Saute the onion and celery for a few minutes.
Add the cornstarch and stir to make a roux. ( A pasty sort of mix of the butter and cornstarch. Cornstarch is gluten free. Most traditional recipes use wheat flour.)

Add the kohlrabi chunks. Cover and cook for about 5 minutes.

Add the broth and stir well to mix the broth with the butter/corn starch mixture.

Cover and heat until boiling. Turn down the heat and simmer for about 25 minutes.

Remove from heat and blend with an immersion blender, or in a regular blender. Please be careful with the hot liquids! You can let the soup cool a bit. It won’t hurt.

Once blended, return to the stove and add about 1-2 cups of milk or cream. (Remember, fat helps your body absorb the great nutrients in kohlrabi, which is a good source of Vitamin A. (That’s good for your eyesight!)

Heat until warm, but do not boil. Boiling ruins a cream-based soup, so I’m told by the “Joy of Cooking.”

Taste for seasonings. Maybe top with a little freshly ground pepper. Garnish with chopped green onion or parsely, if you like.

Hint: When you bring home fresh herbs, green onion or bunches of parsley, chop it all up right away and store it in a covered container in the fridge. It’s SO handy for adding to eggs, sauces, pizza, salad, you name it. Just do it. You’ll be glad.

*Butter — a lot of chefs will say that when making a milk based dish, butter enhances the flavor better than other options like olive oil. Suit yourself, but butter is making a comeback. It’s also a source of Vitamin D. Finally, stop and consider whether you feel full and more satisfied (thus eating less) when you eat something with a little normal, natural fat in it. I know I do.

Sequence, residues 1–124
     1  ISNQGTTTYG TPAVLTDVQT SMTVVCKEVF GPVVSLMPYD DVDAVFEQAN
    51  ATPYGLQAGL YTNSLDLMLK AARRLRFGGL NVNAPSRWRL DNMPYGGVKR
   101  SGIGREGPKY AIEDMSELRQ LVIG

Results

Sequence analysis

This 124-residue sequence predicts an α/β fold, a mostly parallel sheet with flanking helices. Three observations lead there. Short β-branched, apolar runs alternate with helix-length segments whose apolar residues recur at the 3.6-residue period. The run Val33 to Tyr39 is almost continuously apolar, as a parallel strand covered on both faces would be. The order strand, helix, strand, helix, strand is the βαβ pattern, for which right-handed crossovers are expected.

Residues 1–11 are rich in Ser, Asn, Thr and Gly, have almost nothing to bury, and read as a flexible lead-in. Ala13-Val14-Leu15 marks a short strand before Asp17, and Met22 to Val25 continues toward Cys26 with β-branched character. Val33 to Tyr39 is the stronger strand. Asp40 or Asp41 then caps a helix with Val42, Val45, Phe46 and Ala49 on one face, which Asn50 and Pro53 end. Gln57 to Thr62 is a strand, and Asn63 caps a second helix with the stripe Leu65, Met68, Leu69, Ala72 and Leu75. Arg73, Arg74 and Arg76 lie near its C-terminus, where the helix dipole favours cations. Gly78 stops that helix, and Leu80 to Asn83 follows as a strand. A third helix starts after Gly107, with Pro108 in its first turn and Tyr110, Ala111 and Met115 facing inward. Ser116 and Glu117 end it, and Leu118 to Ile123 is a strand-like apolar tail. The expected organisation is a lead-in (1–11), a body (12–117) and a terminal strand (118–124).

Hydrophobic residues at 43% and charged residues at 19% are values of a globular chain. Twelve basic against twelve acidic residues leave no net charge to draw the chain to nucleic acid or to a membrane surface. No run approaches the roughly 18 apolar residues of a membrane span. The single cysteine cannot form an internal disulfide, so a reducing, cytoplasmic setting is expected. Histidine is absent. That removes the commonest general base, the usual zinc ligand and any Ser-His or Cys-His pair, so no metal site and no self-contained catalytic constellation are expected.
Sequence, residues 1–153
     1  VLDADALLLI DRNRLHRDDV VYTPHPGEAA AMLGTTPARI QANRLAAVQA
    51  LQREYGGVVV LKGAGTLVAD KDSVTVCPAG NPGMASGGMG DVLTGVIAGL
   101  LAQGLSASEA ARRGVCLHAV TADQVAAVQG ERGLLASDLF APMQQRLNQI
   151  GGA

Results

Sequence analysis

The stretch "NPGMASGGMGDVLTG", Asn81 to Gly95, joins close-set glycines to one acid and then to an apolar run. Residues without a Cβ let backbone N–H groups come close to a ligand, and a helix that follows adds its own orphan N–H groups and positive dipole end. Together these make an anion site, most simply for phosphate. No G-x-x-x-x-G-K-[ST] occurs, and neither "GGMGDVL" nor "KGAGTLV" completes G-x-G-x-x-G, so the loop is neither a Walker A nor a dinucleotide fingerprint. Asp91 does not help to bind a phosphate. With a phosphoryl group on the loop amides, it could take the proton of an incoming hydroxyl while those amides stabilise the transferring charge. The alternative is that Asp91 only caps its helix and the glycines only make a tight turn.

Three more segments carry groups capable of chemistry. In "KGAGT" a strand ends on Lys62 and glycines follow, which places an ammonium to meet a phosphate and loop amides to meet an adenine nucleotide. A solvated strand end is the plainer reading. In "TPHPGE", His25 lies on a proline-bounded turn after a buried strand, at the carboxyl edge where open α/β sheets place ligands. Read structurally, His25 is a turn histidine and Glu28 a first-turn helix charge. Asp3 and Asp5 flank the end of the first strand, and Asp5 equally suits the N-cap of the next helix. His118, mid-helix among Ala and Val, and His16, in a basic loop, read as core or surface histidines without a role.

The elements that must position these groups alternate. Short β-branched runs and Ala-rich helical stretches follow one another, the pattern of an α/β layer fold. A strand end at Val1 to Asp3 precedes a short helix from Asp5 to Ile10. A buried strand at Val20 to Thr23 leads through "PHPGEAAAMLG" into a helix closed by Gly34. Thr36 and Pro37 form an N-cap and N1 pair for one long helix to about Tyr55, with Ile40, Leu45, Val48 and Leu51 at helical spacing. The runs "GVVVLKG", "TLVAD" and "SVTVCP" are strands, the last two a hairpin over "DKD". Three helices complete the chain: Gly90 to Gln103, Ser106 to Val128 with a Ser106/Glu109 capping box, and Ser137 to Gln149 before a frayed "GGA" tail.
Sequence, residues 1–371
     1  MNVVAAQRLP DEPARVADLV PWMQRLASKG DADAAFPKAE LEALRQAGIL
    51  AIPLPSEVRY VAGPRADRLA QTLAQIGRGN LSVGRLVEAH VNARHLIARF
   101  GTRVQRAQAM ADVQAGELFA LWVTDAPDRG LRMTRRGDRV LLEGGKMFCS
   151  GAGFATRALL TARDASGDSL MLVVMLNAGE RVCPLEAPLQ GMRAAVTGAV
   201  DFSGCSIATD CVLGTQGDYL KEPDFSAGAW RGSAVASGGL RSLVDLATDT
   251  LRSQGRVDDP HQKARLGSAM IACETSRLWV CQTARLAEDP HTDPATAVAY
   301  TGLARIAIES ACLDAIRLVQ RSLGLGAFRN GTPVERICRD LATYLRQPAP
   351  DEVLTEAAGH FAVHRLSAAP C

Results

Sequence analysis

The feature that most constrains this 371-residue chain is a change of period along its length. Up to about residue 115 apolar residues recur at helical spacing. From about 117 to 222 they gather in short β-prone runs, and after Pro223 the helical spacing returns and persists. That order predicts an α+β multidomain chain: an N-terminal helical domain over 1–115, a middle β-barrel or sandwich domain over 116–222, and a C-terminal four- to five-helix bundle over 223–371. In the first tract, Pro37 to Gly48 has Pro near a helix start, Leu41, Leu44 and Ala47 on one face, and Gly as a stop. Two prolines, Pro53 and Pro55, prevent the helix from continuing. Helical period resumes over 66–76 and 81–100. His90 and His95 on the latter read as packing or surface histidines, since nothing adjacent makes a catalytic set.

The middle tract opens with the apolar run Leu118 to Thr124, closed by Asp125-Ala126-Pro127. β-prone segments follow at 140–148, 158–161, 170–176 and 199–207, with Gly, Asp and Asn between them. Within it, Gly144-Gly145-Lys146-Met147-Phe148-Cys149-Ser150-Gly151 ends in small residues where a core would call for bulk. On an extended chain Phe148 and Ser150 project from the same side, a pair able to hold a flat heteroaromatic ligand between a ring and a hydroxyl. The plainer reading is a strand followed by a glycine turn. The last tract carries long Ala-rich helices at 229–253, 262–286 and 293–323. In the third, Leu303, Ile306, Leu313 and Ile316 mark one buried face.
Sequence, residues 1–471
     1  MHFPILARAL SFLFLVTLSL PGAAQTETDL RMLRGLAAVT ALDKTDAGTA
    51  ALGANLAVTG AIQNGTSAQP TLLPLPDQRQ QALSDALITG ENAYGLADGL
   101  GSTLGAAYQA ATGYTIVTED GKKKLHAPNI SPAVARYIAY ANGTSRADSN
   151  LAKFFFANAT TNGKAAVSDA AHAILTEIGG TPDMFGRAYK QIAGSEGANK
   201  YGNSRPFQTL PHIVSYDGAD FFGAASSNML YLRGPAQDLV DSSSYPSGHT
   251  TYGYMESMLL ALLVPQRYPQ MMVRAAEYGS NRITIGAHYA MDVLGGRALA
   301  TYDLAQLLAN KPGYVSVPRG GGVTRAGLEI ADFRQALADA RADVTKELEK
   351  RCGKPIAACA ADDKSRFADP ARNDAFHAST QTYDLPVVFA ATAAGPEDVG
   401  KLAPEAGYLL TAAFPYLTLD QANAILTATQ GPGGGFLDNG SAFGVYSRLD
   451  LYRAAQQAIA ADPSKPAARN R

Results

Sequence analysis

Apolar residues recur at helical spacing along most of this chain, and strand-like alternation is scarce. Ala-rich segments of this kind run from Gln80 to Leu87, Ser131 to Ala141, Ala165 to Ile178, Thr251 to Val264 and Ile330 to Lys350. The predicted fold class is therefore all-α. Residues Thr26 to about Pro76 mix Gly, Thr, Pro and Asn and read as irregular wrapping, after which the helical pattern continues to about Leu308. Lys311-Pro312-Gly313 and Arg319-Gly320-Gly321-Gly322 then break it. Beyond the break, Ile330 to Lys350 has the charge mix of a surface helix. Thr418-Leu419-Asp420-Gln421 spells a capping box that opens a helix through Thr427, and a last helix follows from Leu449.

That’s it!

 

Ukrainian Gazpacho July 18, 2010

If you didn’t grow up eating Eastern European food, you might be skeptical of beets.  I find my self longing for them around this time of year.  Recommended for potassium and iron, beets are versatile and fairly easy to handle.  They may be roasted, grated raw into salads, or become the base of a comforting soup.  Every autumn, I set aside a special weekend just for making borscht.  In July, however, I look to beets to cool me down and restore nutrients lost to hot, steamy weather.

Here is a beautiful, 5-minute chilled soup that might become the first thing you reach for after an hour of Bikram yoga.

CHILLED BEET & BUTTERMILK SOUP

1 can of chopped or sliced beets (drained), or 2-3 chopped cooked beets (about 2 cups).

1/2 cup unsweetened apple juice

1 cup buttermilk

1/2 tablespoon minced fresh dill

1 tablespoon minced scallions or chives

salt to taste

finely chopped cucumber (optional)

In a blender or food processor, combine the beets, apple juice and buttermilk.  Puree until smooth.  Transfer to a bowl or storage container and stir in the dill and scallions or chives.  At this point, if you have just returned, famished, from yoga, go ahead and have some!  Or, allow the soup to chill in the refrigerator for an hour or two. Add salt to taste and top with finely chopped cucumber (optional).